- The name comet comes from the Greek word meaning ‘hair of the head’, it came from the Greek philosopher Aristotle who observed comets as ‘stars with hair’.
- The nucleus of a comet is made of ice and can be as small as a few meters across to giant boulders a few kilometres across.
- The closest point in a comet’s orbit to the Sun is called “perihelion”. The most distant point is called “aphelion”.
- As a comet gets closer to the Sun, it begins to experience heat. That causes some of its ices to sublimate (similar to dry ice sizzling in sunlight). If the ice is close to the comet’s surface, it may form a small “jet” of material spewing out from the comet like a mini-geyser.
- Comets are usually made of frozen water and supercold methane, ammonia and carbon dioxide ices. Those are mixed with rock, dust, and other metallic bits of solar system debris.
- Comets have two tails: a dust tail (which you can see with the naked eye) and a plasma tail, which is easily photographed but difficult to see with your eyes.
- Comets are not spaceships or alien bases. They are fascinating bits of solar system material that date back to the formation of the Sun and planets.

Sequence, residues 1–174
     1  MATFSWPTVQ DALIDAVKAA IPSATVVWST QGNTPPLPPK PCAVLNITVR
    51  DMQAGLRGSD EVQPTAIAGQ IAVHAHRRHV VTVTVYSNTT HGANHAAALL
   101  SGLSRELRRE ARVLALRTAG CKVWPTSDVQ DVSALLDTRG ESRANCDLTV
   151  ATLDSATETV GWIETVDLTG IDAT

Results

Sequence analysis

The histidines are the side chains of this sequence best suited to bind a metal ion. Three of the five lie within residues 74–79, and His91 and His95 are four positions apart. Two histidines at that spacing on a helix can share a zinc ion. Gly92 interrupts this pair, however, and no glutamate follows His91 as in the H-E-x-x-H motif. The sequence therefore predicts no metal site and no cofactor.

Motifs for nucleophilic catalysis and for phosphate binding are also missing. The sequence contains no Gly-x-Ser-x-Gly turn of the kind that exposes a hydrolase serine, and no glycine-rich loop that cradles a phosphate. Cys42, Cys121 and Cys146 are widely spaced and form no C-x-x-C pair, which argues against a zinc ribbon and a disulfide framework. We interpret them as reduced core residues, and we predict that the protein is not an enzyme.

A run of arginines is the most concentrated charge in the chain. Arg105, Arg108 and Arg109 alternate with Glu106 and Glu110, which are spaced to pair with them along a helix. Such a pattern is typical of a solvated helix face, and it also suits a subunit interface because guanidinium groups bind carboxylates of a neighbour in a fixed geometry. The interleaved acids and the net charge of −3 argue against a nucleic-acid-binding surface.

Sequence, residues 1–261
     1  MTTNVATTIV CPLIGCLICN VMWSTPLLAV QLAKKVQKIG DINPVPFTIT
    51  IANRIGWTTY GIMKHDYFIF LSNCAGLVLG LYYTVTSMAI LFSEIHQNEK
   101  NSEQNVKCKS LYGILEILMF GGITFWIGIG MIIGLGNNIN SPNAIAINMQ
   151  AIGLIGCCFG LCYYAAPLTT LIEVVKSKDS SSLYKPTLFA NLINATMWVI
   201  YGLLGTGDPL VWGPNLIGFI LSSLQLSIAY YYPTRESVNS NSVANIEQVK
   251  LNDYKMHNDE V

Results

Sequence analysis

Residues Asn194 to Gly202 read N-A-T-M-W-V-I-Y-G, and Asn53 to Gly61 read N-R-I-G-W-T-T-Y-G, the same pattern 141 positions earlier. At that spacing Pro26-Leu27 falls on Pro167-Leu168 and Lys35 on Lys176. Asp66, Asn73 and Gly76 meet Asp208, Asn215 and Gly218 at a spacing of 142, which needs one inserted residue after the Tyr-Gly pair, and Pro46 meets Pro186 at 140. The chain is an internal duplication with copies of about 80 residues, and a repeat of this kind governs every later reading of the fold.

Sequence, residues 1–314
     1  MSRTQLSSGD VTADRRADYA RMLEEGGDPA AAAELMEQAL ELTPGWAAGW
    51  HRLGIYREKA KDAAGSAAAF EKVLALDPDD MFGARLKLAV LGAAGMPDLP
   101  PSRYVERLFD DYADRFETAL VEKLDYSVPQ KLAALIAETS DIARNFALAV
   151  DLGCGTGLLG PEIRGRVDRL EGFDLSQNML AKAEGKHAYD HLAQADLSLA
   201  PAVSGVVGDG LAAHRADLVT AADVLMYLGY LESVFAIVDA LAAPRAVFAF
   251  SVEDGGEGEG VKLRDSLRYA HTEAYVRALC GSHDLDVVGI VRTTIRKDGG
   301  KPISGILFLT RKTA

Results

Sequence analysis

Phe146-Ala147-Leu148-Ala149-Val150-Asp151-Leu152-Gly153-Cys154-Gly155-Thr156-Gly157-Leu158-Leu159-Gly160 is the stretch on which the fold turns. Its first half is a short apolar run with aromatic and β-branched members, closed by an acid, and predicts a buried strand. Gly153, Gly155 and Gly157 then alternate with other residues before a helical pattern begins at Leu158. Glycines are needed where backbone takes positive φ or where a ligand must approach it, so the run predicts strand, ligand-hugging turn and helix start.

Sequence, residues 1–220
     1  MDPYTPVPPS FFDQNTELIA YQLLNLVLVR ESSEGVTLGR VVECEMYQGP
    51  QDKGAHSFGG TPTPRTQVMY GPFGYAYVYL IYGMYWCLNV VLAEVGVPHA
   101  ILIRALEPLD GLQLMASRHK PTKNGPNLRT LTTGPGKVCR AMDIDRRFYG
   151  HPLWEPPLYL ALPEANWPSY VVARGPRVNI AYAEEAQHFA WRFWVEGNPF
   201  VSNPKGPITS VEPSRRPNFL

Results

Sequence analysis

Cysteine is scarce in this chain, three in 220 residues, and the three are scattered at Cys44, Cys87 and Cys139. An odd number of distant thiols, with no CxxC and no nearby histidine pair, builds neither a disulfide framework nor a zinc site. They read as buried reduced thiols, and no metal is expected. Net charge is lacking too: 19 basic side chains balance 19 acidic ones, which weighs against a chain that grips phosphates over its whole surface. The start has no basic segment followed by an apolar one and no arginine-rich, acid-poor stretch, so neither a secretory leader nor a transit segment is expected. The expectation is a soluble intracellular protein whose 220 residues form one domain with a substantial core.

- Comet orbits are elliptical. It brings them close to the sun and takes them far away.
- Halley’s Comet is the most well known comet. It is known as a periodic comet (or short term comet) because the time it takes to orbit the Sun is less than 200 years.
- The first comet shown to be periodic was Halley’s Comet, 1P/Halley, in 1705.
- Records of humans observing Halley’s Comet go back thousands of years, with appearances noted by Babylonian, Chinese and European star gazers.
- Comets are thought to originate in one of two theorized regions in the Solar System: the Oort Cloud
of the Kuiper Belt
- The lander, named Philae, has taken over ten years to reach comet known as 67P/Churyumov–Gerasimenko on the space probe Rosetta.
- The assassination of Julius Caesar, the Black Death and King Harold’s defeat at the Battle of Hastings were all blamed on comets.
- Edmond Halley suggested that Noah’s Flood was caused by a comet’s collision with earth